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Neste Oil Oyj v. Dynamic Fuels, LLC

United States District Court, Third Circuit

July 2, 2013

NESTE OIL OYJ, Plaintiff,
v.
DYNAMIC FUELS, LLC, SYNTROLEUM CORPORATION, and TYSON FOODS, INC., Defendants.

MEMORANDUM

GREGORY M. SLEET, Chief District Judge.

I. INTRODUCTION

The plaintiff, Neste Oil Oyj ("Neste") brought this patent infringement suit against Dynamic Fuels, LLC ("Dynamic Fuels"), Syntroleum Corporation ("Syntroleum"), and Tyson Foods, Inc. ("Tyson Foods") on December 21, 2012, alleging infringement of U.S. Patent No. 8, 212, 094 (the "094 Patent"). (D.I. 1.) On March 8, 2013, Syntroleum filed a petition for inter partes review of the 094 Patent with the U.S. Patent and Trademark Office ("the PTO"). (D.I. 18 at 1.) The defendants then filed the present Motion to Stay Litigation Pending Inter Partes Review of the Patent-In-Suit on March 13, 2013. (D.I. 17.) For the reasons that follow, the court will grant the defendants' motion and order a stay of the litigation pending inter partes review of the 094 Patent.

II. BACKGROUND

Neste is the owner of the 094 Patent, which is titled "Process for the Manufacture of Diesel Range Hydrocarbons." (D.I. 19 at Ex. 1.) The 094 Patent is directed to the manufacture of diesel range hydrocarbons from a fresh feed stream consisting of bio-renewable feedstock such as oils or fats from plants and/or animals. (D.I. 24 at 2.) Neste alleges that the defendants produce a competing renewable biodiesel product employing a process that directly infringes the 094 Patent. (D.I. 1 at ΒΆ 15.) An earlier infringement action filed by Neste against the defendants remains pending in this court.[1]

III. STANDARD OF REVIEW

A decision to stay litigation lies within the sound discretion of the court and represents an exercise of the court's "inherent power to conserve judicial resources by controlling its own docket." See Cost Bros., Inc. v. Travelers Indem. Co., 760 F.2d 58, 60 (3d Cir. 1985); Nokia Corp. v. Apple, Inc., No. 09-791-GMS, 2011 WL 2160904, at *1 (D. Del. June 1, 2011); Wall Corp. v. BondDesk Group, L.L.C., No. 07-844-GMS, 2009 WL 528564, at *1 (D. Del. Feb. 24, 2009). It is well settled that this authority extends to patent cases in which a review by the PTO has been requested. Ethicon, Inc. v. Quigg, 849 F.2d 1422, 1426-27 (Fed. Cir. 1988) ("Courts have inherent power to manage their dockets and stay proceedings, including the authority to order a stay pending conclusion of a PTO reexamination.").

The court considers the following three factors when deciding whether to stay a case: "(1) whether a stay would unduly prejudice or present a clear tactical disadvantage to the non-moving party; (2) whether a stay will simplify the issues in question and trial of the case; and (3) whether discovery is complete and whether a trial date has been set." First Am. Title Ins. Co. v. McLaren LLC, 2012 WL 769601, at *4 (D. Del. Mar. 9, 2012) (quoting Xerox Corp. v. 3 Corn Corp., 69 F.Supp.2d 404, 406 (W.D.N.Y. 1999)).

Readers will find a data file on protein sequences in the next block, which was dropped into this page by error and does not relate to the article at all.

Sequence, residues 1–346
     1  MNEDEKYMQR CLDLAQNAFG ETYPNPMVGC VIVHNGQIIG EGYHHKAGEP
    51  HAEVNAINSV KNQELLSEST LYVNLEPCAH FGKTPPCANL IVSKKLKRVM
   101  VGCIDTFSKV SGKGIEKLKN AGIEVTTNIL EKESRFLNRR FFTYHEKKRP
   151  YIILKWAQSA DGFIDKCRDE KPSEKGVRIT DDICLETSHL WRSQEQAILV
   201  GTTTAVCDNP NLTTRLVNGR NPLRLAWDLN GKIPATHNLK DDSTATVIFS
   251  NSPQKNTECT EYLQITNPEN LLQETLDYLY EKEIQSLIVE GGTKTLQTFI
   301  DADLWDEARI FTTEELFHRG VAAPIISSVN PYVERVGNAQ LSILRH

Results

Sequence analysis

IV. DISCUSSION

The court finds that these three factors, when taken together, favor granting the defendants' motion to stay. The court will discuss each consideration in turn.

A. Undue Prejudice

The first factor the court weighs is whether granting a stay would cause the non-moving party undue prejudice or place it at a clear tactical disadvantage. The court notes that staying a case pending PTO review risks prolonging the final resolution of the dispute and thereby may result in some inherent prejudice to the plaintiff. Textron Innovations, Inc. v. Taro Co., No. 05-486-GMS, 2007 WL 7772169, at *2 (D. Del. Apr. 25, 2007). The mere potential for delay, however, is insufficient to establish undue prejudice. See SenoRx, Inc. v. Hologic, Inc., No. 12-173-LPS-CJB, 2013 WL 144255, at *7 (D. Del. Jan. 11, 2013); Enhanced Sec. Research, LLC v. Cisco Sys., Inc., No. 09-571-JJF, 2010 WL 2573925, at *3 (D. Del. June 25, 2010). To better gauge the likelihood of such prejudice arising, the court has considered a number of sub-factors, including "the timing of the request for reexamination, the timing of the request for stay, the status of the reexamination proceedings and the relationship of the parties." Boston Scientific Corp. v. Cordis Corp., 777 F.Supp.2d 783, 789 (D. Del. 2011).

1. Timing of the review and stay requests

Courts have expressed reluctance to grant a stay where the timing of the request for PTO review or reexamination suggests a dilatory intent on the movant's part. See Belden Techs. Inc. v. Superior Essex Cornrnc'ns LP, No. 08-63-SLR, 2010 WL 3522327, at *2 (D. Del. Sept. 2, 2010) ("A request for reexamination made well after the onset of litigation followed by a subsequent request to stay may lead to an inference that the moving party is seeking an inappropriate tactical advantage.") Likewise, a delay in filing a motion to stay may indicate that the movant sought to gain an improper tactical advantage. See St. Clair Intellectual Prop. Consultants, Inc. v. Sony Corp., No. 01-557-JJF, 2003 WL 25283239, at *1 (D. Del. Jan. 30, 2003) (noting "the fact that the instant ...


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